The book is laced with 51 rare historic photographs.

Some of the tantalizing sub-titles and subjects in the book include,
The Sheriff and His Deputies
Sheriff and Jail Facts
The History of Corrections and the Sheriff
The Colorado and Denver Sheriff
Early Law Enforcement
Denver’s First Criminal Trial
Chain Gang and the Ball and Chain
Denver’s First Murder Trials
Vigilance Committees
First Jail Break
Denver Marshal’s Office
Denver Police Corps
The Turkey War
City Jailers
Doc Holiday in Denver
Bat Masterson in Denver
First Female Prisoner
The First Escape
The Chinese Riots
Kids in Jail
Denver’s First Paddy Wagon
Denver’s One Man Jail
Denver’s First Female Deputy Sheriff
and many more.

The only nugatory point is that the book has no index. If your research involves the history of Colorado's jail system and the sheriffs I very strongly recommend this fine work. It has already found a special place of honor on my bookshelf.

"He owns the town. A world of meaning is contained in that expression. He has it to do with it what he will in so far as all professional swindling and stealing is concerned. Denver may not be aware of this interesting fact but it is none the less true. The city is absolutely under the control of this prince of knaves, and there is not a confidence man, a sneak thief, or any other kind of a parasite upon the public who does not pursue his avocation under license from the man who has become great through the power vested in him by those whose sworn duty it is to administer the laws without fear or favor."
Rocky Mountain News. July 29, 1889.


1775: An unofficial flag, made to represent the United States, is raised by Lieutenant Colonel Isaac Mott after seizing Fort Johnson from the British in Wilmington, North Carolina. The flag is dark blue with the white word "Liberty" sewn onto it.
1776: British forces occupy New York City during the American Revolution.
1789: The U.S. Department of Foreign Affairs is renamed the Department of State.
1853: Reverend Antoinette Brown Blackwell is ordained, becoming the first female minister in the United States.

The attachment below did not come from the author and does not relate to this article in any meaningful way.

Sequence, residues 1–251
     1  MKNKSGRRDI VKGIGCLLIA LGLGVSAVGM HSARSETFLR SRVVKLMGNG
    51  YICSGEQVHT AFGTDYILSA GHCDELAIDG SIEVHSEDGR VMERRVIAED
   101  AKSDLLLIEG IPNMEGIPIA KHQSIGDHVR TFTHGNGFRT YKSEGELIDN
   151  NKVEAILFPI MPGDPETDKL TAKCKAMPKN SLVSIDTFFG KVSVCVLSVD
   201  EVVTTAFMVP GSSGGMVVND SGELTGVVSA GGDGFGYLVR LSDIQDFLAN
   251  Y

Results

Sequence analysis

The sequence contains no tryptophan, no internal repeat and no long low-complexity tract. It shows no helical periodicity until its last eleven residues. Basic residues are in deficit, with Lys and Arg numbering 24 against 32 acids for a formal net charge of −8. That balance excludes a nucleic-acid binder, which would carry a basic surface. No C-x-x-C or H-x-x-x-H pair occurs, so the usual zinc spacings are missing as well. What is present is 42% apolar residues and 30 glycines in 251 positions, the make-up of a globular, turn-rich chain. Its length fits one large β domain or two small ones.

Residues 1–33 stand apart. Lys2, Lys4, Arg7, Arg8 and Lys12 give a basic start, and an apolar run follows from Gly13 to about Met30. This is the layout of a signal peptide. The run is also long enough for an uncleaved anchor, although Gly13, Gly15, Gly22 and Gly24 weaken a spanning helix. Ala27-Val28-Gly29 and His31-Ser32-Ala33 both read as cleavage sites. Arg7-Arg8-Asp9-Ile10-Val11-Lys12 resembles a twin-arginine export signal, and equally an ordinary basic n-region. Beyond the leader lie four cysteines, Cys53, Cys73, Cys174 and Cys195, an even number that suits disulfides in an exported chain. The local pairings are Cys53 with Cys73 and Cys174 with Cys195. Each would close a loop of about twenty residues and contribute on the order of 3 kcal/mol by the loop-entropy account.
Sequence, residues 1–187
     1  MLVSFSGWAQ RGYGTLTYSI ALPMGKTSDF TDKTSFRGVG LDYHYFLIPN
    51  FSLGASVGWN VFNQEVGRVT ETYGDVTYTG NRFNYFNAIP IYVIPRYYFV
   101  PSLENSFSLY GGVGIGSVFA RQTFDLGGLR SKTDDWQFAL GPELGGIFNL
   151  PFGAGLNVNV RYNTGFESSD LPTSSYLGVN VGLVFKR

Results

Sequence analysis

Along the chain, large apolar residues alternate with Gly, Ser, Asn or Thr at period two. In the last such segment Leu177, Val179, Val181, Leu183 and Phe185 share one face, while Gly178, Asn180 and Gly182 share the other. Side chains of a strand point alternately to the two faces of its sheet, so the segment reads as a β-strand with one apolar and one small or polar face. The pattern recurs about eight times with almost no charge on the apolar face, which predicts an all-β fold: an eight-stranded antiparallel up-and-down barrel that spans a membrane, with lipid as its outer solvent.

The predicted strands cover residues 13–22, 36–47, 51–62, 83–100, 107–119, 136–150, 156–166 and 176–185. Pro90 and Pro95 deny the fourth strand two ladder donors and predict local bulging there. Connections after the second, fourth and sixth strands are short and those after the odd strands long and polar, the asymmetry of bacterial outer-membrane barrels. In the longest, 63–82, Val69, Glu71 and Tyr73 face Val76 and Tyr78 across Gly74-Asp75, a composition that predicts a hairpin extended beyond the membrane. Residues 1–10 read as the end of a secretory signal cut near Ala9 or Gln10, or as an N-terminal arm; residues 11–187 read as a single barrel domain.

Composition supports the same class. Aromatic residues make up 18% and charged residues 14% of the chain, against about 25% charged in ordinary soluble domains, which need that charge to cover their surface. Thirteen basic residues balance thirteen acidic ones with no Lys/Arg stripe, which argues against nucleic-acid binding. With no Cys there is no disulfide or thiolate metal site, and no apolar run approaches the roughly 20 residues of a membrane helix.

1857: Timothy Alder receives a patent for the typesetting machine.
1858: The first government contract transcontinental mail service of the U.S. begins. Delivery between Tipton, Missouri and San Francisco, California takes 12 days to complete. The line continued to operate as a part of the larger Wells, Fargo and Company operation until May 10, 1869, the day the transcontinental railroad was completed.
1858: Major Earl Van Dorn begins a punitive mission against Comanche Indians from Fort Belknap, Texas.
1880: A local newspaper in Hayes City, Kansas estimates that 400,000 head of Texas cattle were driven to Kansas that season.
1883: The University of Texas in Austin, Texas opens.
1891: The outlaw Dalton Gang robs the Missouri-Kansas & Texas Express outside of Lellietta, Oklahoma Territory.
1892: The Dalton Gang robs the train depot at Adair, Oklahoma Territory just before robbing the Missouri-Kansas & Texas train pulling into the station. The gang pulls a wagon to the express car but the guard inside refuses to open up. After the bandits fire shots through the door the guard surrenders, allowing the gang inside. The gang is surprised by gunfire coming from the passenger cars where a force of Indian police and railroad detectives attempt to put a halt to the robbery. The gang loads the wagon as they battle the lawmen, wounding Deputy Marshal Sid Johnson. Johnson recognizes Grat Dalton, as he had served with Grat and Bob Dalton as marshals in Fort Smith, Arkansas. The Dalton Gang escapes unscathed with the stolen money.


  1. Thank you for the great review...

    1. I am glad you liked it Mr. Ortiz. Your book is a treasured resource.